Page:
How is diabetes managed?

There is no cure for diabetes, but it can be treated and controlled. The goals of managing diabetes are to:

  • Keep your blood glucose levels as near to normal as possible by balancing food intake with medication and activity.
  • Maintain your blood cholesterol and triglyceride (lipid) levels as near the normal ranges as possible by decreasing the total amount of fat to 30% or less of your total daily calories, and by reducing saturated fat and cholesterol.
  • Control your blood pressure. (Your blood pressure should not go over 130/80.)
  • Decrease or possibly prevent the development of diabetes-related health problems.

You hold the keys to managing your diabetes by:

  • Planning what you eat and following a balanced meal plan.
  • Exercising regularly.
  • Taking medication, if prescribed, and closely following the guidelines on how and when to take it.
  • Monitoring your blood glucose and blood pressure levels at home.
  • Keeping your appointments with your health care providers and having laboratory tests completed as ordered by your doctor.

What you do at home every day affects your blood glucose more than what your doctor can do every few months during your check-up.

What are insulin pumps?

Insulin pumps are small, computerized devices, about the size of a beeper that you wear on your belt or put in your pocket. They have a small flexible tube with a fine needle on the end. The needle is inserted under the skin of your abdomen and taped in place. The pump releases a carefully measured, steady flow of insulin into the tissue. Insulin pumps can cost $6,000 to $10,000 for the pump, with additional costs for necessary supplies to use the pump.Using a pump means you will have to monitor your blood sugar level at least four times a day. You program doses and make adjustments to your insulin, depending on your food intake and exercise program. Some health care providers prefer the insulin pump over injections because its slow release of insulin imitates a working pancreas.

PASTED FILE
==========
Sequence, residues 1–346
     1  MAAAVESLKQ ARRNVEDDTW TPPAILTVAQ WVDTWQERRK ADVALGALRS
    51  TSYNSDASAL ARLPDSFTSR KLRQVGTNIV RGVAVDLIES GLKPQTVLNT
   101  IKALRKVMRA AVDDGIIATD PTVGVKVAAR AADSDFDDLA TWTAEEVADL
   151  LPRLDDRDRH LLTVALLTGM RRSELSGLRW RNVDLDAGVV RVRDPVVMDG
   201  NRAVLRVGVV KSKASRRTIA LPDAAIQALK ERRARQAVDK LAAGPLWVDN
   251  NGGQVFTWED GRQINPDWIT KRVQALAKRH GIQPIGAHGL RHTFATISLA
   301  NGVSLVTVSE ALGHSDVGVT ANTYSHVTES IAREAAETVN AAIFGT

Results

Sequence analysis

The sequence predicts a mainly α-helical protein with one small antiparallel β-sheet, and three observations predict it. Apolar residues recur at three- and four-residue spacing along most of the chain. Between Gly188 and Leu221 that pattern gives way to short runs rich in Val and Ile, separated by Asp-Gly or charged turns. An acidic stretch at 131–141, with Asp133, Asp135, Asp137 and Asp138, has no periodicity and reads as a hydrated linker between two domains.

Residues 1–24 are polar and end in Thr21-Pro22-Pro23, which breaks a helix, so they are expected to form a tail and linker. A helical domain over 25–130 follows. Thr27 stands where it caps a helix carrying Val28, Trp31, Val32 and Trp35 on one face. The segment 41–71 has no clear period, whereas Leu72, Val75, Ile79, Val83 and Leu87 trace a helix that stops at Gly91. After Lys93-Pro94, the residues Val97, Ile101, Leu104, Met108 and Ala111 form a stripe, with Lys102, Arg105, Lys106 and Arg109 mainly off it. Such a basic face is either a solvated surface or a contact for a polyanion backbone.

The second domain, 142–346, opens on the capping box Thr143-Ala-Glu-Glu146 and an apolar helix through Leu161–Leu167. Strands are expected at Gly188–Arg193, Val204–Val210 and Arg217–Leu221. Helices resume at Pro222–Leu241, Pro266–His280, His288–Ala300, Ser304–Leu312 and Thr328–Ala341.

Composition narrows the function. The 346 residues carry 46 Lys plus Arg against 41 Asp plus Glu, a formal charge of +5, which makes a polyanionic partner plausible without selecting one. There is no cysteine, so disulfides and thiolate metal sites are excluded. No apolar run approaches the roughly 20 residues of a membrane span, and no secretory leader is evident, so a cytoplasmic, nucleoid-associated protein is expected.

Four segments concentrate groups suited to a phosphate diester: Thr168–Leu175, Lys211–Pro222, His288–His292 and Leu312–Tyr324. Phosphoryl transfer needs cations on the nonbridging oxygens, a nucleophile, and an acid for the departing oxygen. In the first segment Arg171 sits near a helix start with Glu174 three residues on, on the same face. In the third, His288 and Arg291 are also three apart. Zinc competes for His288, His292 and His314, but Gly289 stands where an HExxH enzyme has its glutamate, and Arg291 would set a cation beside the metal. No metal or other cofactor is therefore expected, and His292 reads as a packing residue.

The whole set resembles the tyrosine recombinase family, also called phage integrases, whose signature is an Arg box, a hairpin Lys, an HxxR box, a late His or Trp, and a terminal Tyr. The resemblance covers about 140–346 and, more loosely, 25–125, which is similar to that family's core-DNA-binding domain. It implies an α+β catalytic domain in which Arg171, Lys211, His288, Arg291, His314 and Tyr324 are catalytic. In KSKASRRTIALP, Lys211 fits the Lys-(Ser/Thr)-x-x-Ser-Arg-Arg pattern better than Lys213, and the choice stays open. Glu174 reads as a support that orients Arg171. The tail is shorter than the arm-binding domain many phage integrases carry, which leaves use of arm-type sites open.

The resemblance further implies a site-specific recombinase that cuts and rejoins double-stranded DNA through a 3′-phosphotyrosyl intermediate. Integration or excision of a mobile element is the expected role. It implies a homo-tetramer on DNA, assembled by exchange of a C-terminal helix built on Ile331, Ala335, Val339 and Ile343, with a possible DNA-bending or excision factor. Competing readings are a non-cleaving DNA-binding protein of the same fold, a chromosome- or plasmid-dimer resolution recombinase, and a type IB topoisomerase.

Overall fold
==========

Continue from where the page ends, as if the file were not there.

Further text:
Can I take both pills and insulin to control my blood sugar?

Yes. The combination of insulin and an oral medication, when taken as directed by your doctor, is very safe and effective in controlling blood sugar. A typical combination therapy consists of taking an oral medication during the day and insulin at night. Once you begin taking insulin, you will need to monitor your blood sugar more often to reduce the risk of low blood sugar reactions.Combination therapies are often helpful for people who have Type 2 diabetes (adult onset diabetes). If you have been taking an oral medication, your doctor may change your treatment plan to include insulin injections. This change is often made to help people with Type 2 diabetes gain better control of their blood sugar.

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